Over the more than 40 years since it was established, NTBG’s herbarium, library, and living collections have been indispensable to its scientific research and conservation programs. The resources that these collections provide, not only to researchers and students in Hawai‘i, but also worldwide, are incomparable. The immediate proximity of comprehensive living collections of tropical flora to an extensive herbarium and an extraordinary botanical library is rare.
The NTBG Herbarium contains the most extensive recent collection of Hawaiian and Marquesan plants in existence, with over 66,000 specimens. The library is the largest botanical/horticultural collection in Hawai‘i, with more than 44,000 books, prints, and images.
The Botanical Research Center at NTBG’s national headquarters on Kaua`i, completed in early 2008, brings together the herbarium and library under a single roof. The Center includes research laboratories and offices, a dirty room for processing and drying new plant specimens, and dedicated work space for staff, students, and visiting researchers.
To protect the invaluable herbarium and library collections, the building is designed to withstand hurricane-force winds. It was built to accommodate 50 years of planned growth of the collections. Mechanical and electrical systems provide multiple levels for backup operation during an emergency.
Consistent with NTBG’s commitment to conservation and the environment, the building was designed to be environmentally sustainable. The project was registered with the U.S. Green Building Council’s LEED® (Leadership in Energy and Environmental Design) Green Building Rating System, with initial anticipation of LEED silver certification.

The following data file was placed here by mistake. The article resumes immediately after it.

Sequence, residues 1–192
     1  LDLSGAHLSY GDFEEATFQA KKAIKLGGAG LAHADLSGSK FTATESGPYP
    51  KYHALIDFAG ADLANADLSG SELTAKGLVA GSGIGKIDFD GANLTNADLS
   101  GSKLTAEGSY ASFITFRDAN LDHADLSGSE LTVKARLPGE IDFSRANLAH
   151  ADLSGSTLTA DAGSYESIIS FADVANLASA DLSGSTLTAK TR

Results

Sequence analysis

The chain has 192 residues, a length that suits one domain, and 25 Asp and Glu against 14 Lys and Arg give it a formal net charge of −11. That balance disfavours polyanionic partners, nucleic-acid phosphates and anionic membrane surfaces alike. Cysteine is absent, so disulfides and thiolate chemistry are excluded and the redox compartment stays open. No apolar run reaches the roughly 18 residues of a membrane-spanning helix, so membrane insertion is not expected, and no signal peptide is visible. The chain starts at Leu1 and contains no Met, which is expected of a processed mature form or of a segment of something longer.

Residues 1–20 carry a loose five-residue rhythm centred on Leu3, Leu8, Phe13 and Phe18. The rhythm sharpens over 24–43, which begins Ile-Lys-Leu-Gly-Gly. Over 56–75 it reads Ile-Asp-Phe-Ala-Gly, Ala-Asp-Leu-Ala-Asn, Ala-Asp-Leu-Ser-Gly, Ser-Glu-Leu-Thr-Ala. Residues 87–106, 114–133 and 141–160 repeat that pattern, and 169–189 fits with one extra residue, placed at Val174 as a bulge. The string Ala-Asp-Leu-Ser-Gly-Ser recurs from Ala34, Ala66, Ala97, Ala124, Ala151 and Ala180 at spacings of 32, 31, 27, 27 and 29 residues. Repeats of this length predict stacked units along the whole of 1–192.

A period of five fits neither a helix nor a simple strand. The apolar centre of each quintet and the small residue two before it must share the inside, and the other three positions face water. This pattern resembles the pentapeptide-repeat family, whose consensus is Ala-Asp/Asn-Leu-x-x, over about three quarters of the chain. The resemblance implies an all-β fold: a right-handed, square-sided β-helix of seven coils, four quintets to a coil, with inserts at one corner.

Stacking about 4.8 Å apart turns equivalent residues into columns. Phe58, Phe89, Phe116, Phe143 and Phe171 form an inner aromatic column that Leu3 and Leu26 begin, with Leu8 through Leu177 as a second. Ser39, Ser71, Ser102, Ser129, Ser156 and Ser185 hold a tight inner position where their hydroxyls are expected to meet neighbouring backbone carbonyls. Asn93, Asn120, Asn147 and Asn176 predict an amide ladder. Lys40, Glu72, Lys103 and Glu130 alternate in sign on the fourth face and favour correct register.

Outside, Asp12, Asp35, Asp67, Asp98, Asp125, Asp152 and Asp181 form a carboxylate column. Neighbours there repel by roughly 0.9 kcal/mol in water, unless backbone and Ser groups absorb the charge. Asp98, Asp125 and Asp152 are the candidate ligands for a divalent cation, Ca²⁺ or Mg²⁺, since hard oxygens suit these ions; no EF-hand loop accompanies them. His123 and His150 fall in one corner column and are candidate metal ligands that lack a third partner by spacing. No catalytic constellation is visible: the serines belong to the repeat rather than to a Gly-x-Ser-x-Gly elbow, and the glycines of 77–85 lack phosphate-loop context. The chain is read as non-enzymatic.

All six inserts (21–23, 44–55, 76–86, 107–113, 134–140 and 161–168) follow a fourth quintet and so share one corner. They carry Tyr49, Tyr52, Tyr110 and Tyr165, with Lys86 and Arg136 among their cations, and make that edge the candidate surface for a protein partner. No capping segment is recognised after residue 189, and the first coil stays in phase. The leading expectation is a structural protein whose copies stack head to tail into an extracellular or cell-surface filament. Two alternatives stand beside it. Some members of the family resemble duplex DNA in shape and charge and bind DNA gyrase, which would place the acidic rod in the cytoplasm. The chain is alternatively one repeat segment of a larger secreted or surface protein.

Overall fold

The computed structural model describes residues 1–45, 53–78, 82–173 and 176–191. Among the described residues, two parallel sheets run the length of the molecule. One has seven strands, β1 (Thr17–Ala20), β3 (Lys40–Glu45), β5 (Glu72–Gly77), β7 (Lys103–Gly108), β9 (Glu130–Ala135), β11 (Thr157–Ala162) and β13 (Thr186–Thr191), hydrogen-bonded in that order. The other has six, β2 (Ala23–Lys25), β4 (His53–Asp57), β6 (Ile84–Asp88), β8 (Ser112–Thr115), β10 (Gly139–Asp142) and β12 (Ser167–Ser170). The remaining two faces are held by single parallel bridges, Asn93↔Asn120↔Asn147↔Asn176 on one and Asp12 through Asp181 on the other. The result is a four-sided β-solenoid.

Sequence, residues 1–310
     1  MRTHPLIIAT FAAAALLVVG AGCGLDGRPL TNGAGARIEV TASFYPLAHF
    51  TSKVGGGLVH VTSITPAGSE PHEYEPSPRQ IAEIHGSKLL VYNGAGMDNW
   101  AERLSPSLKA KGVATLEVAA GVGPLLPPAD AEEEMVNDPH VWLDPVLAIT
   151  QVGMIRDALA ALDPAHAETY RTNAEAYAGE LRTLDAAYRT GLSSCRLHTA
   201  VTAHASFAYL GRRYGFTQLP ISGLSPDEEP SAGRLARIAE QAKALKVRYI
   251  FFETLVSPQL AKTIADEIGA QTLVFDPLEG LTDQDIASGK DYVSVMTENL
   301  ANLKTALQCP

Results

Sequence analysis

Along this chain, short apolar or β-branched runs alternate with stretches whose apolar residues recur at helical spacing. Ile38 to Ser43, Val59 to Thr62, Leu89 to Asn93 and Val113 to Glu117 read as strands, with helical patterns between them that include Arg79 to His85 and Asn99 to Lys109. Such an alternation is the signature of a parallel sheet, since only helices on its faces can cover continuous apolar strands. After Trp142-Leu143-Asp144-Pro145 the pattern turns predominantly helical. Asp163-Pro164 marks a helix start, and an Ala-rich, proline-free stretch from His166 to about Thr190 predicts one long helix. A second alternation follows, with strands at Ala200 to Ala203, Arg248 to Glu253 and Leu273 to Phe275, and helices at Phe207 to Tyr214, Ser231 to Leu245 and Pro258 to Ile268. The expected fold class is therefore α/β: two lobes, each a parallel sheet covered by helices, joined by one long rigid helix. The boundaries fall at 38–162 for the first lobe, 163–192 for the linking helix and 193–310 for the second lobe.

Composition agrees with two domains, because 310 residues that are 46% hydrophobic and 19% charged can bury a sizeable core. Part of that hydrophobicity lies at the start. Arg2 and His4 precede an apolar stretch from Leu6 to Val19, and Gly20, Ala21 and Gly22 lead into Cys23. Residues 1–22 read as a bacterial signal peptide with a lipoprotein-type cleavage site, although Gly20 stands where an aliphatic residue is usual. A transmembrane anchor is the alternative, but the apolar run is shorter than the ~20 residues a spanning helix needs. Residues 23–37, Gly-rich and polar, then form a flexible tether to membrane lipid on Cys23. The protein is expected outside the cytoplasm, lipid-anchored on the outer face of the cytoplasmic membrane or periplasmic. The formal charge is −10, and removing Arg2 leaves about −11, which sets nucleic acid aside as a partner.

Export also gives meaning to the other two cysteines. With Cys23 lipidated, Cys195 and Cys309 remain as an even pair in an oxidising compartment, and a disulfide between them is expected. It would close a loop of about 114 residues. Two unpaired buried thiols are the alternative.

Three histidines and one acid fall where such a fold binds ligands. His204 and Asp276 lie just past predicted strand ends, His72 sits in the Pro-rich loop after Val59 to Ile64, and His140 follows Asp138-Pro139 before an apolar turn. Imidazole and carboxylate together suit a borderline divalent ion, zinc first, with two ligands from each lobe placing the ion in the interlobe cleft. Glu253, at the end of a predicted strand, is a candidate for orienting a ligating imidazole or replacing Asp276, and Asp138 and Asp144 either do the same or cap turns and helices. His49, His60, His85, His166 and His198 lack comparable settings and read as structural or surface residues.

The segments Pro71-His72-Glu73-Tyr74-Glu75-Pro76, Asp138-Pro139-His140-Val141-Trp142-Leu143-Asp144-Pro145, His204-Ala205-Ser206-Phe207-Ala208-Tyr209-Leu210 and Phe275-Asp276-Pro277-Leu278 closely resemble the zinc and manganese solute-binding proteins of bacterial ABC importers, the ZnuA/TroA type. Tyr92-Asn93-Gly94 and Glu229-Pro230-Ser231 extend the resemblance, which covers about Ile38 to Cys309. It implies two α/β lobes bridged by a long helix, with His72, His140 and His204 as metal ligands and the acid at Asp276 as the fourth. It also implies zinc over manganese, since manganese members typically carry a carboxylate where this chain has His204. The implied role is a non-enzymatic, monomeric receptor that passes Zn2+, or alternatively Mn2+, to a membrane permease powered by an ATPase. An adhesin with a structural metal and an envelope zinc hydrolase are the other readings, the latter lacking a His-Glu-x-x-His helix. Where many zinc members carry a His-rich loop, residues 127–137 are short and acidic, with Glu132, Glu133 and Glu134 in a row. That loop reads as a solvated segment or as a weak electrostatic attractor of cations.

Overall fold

News, dateline January 5, 2009: The Botanical Research Center was awarded LEED® Gold Certification, making it the first building on the island of Kaua‘i recognized under the rating system.
Some examples of sustainable construction practices used were sending minimal construction waste into the landfill and filling around water and electrial pipes with crushed recycled glass. Examples of sustainability and environmental-friendly design include photovoltaic panels, a roof rainwater catchment system, and the use of certified sustainable reclaimed tropical hardwoods.
The Botanical Research Center now serves not only as a resource for national and international researchers, but also as a significant resource for Hawai‘i and the local community. Through NTBG’s education and outreach programs local students will be able to learn firsthand about tropical botany, horticulture, and ethnobotany, as well as the importance of traditional knowledge and natural and cultural resource management.
Data as of August 2011
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